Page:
a soft pretzel from a street vendor, or a big event like afternoon
tea at a fancy hotel.
On your trip, you may feel your kids aren't really eating a
balanced diet. Too many hot dogs and sodas or fast food because
it's everywhere you turn? Be on the lookout for juice bars and
smoothies, drinks with fresh fruit and yogurt. Popular ice cream
shops often have smoothies. Jamba Juice is a juice bar you can
find all over California. Vegetarian or health conscious sandwich
shops often have fresh-squeezed juices.
If your kids are picky eaters at home, what to do while traveling?
Encourage openness to try new things, but don't take away choices.
One summer when I was young, we stopped into a little seafood
joint in Washington state. My mother ordered the local specialty,
Dungeness crab, but let us kids order hamburgers. When her crab
came, we tried a morsel or two - it was so delicious, our hamburgers
went untouched. (My mother ordered more crabs.)
isn't always easy to accommodate everyone's tastes in a family.
When you ask the question, "What do you want for lunch
or dinner," one child wants a pizza, another a hamburger,
another is vegetarian, one parent feels like a salad, another
is hungry for a stack of ribs. Look for food courts or "country" markets, where there are kiosks with all kinds of foods, reasonably
priced. The Farmers Market in Los Angeles has been popular with
local kids since the 1930's, and is still going strong with
over 25 different food stalls. The Grand Central Terminal food
court has New York favorites - Junior's Delicatessen, pizza,
Indian vegetarian, dim sum, chicken noodle soup, hot bagels,
custard ice cream.
At some point in your trip, it's nice to get dressed up and
eat in a "splurge" restaurant as a special experience.
But in a strange city, how do you avoid venturing into a restaurant,
only to have the waiters stare at you with cold frozen looks,
and belatedly you realize you've stepped into a romantic bistro,
only whispers are allowed and there are tables for two. Or,
after you're seated in the restaurant, you discover the menu
consists of dishes such as goat cheese covered with prune sauce,
topped with flecks of dried squid, something none of your kids
will touch and the price is through the roof.
dining can be fun, and worth the expense. Reservations may be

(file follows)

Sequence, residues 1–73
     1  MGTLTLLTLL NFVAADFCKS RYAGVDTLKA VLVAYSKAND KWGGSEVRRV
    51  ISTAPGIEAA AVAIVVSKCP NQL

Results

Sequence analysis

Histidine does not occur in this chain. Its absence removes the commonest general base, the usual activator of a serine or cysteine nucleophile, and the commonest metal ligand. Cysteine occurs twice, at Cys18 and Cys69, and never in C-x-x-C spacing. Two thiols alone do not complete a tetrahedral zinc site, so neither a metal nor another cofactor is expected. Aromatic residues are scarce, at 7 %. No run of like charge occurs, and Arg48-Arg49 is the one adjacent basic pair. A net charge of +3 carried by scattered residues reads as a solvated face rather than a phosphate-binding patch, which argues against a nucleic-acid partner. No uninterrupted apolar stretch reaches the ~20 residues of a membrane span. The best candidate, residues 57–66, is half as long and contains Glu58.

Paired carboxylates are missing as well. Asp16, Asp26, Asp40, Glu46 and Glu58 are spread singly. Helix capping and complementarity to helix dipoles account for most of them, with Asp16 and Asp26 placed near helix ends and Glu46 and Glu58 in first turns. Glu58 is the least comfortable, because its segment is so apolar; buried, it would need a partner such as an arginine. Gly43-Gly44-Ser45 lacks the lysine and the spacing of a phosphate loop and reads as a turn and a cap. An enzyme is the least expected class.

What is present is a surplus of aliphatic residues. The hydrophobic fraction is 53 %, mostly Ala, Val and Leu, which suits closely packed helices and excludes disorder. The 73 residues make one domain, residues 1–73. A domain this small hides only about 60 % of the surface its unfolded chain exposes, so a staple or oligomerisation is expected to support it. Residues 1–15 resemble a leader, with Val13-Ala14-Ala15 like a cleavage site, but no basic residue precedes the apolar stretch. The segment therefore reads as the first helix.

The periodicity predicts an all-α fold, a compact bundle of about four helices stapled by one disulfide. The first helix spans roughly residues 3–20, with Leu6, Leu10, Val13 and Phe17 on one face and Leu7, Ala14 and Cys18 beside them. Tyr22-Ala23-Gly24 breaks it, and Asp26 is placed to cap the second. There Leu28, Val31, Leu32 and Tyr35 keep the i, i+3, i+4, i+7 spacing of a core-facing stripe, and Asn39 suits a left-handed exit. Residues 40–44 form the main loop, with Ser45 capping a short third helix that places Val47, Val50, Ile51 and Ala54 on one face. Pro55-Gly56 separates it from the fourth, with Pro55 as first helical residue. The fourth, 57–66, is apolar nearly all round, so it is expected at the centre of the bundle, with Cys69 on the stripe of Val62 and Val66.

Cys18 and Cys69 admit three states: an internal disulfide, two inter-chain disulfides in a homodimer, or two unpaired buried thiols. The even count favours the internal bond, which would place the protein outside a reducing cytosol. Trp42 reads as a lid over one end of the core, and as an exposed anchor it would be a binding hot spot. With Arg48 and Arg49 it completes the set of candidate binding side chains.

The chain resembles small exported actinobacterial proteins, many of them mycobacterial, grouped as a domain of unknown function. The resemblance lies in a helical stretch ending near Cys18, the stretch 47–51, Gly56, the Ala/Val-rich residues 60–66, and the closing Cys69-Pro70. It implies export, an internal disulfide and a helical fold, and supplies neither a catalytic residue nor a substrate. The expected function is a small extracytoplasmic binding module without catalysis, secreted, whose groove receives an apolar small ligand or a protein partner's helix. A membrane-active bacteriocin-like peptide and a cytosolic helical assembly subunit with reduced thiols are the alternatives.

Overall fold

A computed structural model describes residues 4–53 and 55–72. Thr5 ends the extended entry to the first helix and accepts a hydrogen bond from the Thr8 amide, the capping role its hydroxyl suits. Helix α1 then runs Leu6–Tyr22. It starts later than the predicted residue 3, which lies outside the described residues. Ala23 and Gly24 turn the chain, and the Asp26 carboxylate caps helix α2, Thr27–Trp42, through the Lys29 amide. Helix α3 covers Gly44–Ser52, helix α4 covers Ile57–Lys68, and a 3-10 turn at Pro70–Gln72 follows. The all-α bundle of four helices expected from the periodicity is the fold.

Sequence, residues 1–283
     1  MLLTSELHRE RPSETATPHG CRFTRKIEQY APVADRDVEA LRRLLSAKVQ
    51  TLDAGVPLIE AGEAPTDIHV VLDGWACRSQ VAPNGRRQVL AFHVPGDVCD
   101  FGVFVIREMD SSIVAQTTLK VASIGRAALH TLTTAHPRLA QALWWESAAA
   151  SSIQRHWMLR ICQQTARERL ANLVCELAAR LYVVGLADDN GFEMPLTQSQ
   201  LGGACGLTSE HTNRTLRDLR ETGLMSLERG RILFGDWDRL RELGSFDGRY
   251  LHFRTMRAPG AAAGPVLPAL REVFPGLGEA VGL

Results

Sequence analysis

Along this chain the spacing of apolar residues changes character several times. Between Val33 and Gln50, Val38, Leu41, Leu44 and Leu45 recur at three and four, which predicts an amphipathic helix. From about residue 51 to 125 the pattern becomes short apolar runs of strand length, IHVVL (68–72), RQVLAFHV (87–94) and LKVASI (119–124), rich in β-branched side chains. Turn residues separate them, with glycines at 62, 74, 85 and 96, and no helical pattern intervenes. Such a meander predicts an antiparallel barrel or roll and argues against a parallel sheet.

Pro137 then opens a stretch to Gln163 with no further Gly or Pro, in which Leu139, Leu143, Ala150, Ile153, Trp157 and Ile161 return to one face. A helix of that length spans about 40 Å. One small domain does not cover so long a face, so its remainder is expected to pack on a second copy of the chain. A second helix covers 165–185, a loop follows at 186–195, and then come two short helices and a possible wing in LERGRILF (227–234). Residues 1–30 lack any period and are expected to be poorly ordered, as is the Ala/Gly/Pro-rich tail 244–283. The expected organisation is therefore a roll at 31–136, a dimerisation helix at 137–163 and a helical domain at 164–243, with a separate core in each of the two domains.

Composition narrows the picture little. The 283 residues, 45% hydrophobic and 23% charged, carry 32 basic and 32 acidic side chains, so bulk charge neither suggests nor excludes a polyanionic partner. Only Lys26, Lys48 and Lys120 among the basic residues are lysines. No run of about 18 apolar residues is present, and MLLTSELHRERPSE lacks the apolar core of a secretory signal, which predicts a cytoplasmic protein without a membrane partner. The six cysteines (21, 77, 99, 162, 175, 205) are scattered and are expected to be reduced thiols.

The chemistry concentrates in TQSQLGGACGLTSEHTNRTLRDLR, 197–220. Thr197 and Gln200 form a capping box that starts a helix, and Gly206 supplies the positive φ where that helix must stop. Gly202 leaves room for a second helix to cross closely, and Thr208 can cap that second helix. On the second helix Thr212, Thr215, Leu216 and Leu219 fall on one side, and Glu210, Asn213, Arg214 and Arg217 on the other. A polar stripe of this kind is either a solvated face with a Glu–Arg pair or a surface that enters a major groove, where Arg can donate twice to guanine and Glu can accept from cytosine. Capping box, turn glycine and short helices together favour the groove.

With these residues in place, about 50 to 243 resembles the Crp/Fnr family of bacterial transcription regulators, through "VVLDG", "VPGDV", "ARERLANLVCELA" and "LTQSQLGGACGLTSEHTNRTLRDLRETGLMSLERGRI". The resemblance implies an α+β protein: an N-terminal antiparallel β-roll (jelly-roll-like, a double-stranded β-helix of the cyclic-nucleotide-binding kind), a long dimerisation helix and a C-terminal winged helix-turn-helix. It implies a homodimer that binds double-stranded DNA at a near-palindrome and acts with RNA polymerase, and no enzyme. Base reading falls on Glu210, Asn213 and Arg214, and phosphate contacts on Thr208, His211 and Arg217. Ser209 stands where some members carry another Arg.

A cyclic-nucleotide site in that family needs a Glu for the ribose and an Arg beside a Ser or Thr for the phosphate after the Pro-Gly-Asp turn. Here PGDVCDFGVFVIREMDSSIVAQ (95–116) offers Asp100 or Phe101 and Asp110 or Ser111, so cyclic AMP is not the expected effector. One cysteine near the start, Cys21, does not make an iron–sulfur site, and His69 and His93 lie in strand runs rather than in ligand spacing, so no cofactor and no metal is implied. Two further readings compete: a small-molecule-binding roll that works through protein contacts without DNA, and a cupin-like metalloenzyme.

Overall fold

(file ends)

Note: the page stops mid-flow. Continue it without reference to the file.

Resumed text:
required, so do some scouting in advance. Check out the menu
posted outside or ask to see a menu. When the restaurant has
a kid's menu, by definition kids are welcome. (Use this as leverage
if your kids aren't perfectly well-behaved.) But the lack of
a kid's menu doesn't mean that a splurge restaurant won't be
fun. Check out other options on the menu - many fancy Italian
restaurants will do half portions of any pasta dish for kids.
Or, sometimes a restaurant will prepare an item from their lunch
menu at dinner. If the menu looks okay, but you're still not
sure if children are welcome, go inside the restaurant and ask
if you can split an entrée for kids. If they answer in
a friendly way, this is a good sign; if the maitre d' is insulted
you asked, that restaurant isn't a good prospect. Some expensive
restaurants simply like kids, and go out of their way to make
you feel comfortable, so take advantage of good service.
food memories are long-lived, and trips even more so. It might
be a memory of sitting up straight at a restaurant with sparkling
white table cloths, where the waiter hands you your own menu
and you feel very grown up, sitting out by the river eating
fresh cantaloupe on a camping trip, reaching for little pastries
during "high tea" at a fancy hotel, munching on a
cheese sandwich and hard boiled eggs while riding on a train,
shaking off the sticky sugar from Mexican pastries in Old Town
San Diego, or dreaming of a chocolate river at the Ghirardelli
Soda Fountain in San Francisco where the ice cream sundaes and
banana splits are really big, really cold and, "My dad
stole the banana."
Travel for Kids publishes Fun Food for Kids, family travel restaurant
guides. Fun Food for Kids lists hundreds of restaurants and
eating spots, located in areas your family will want to explore.
(Source: Travel For Kids)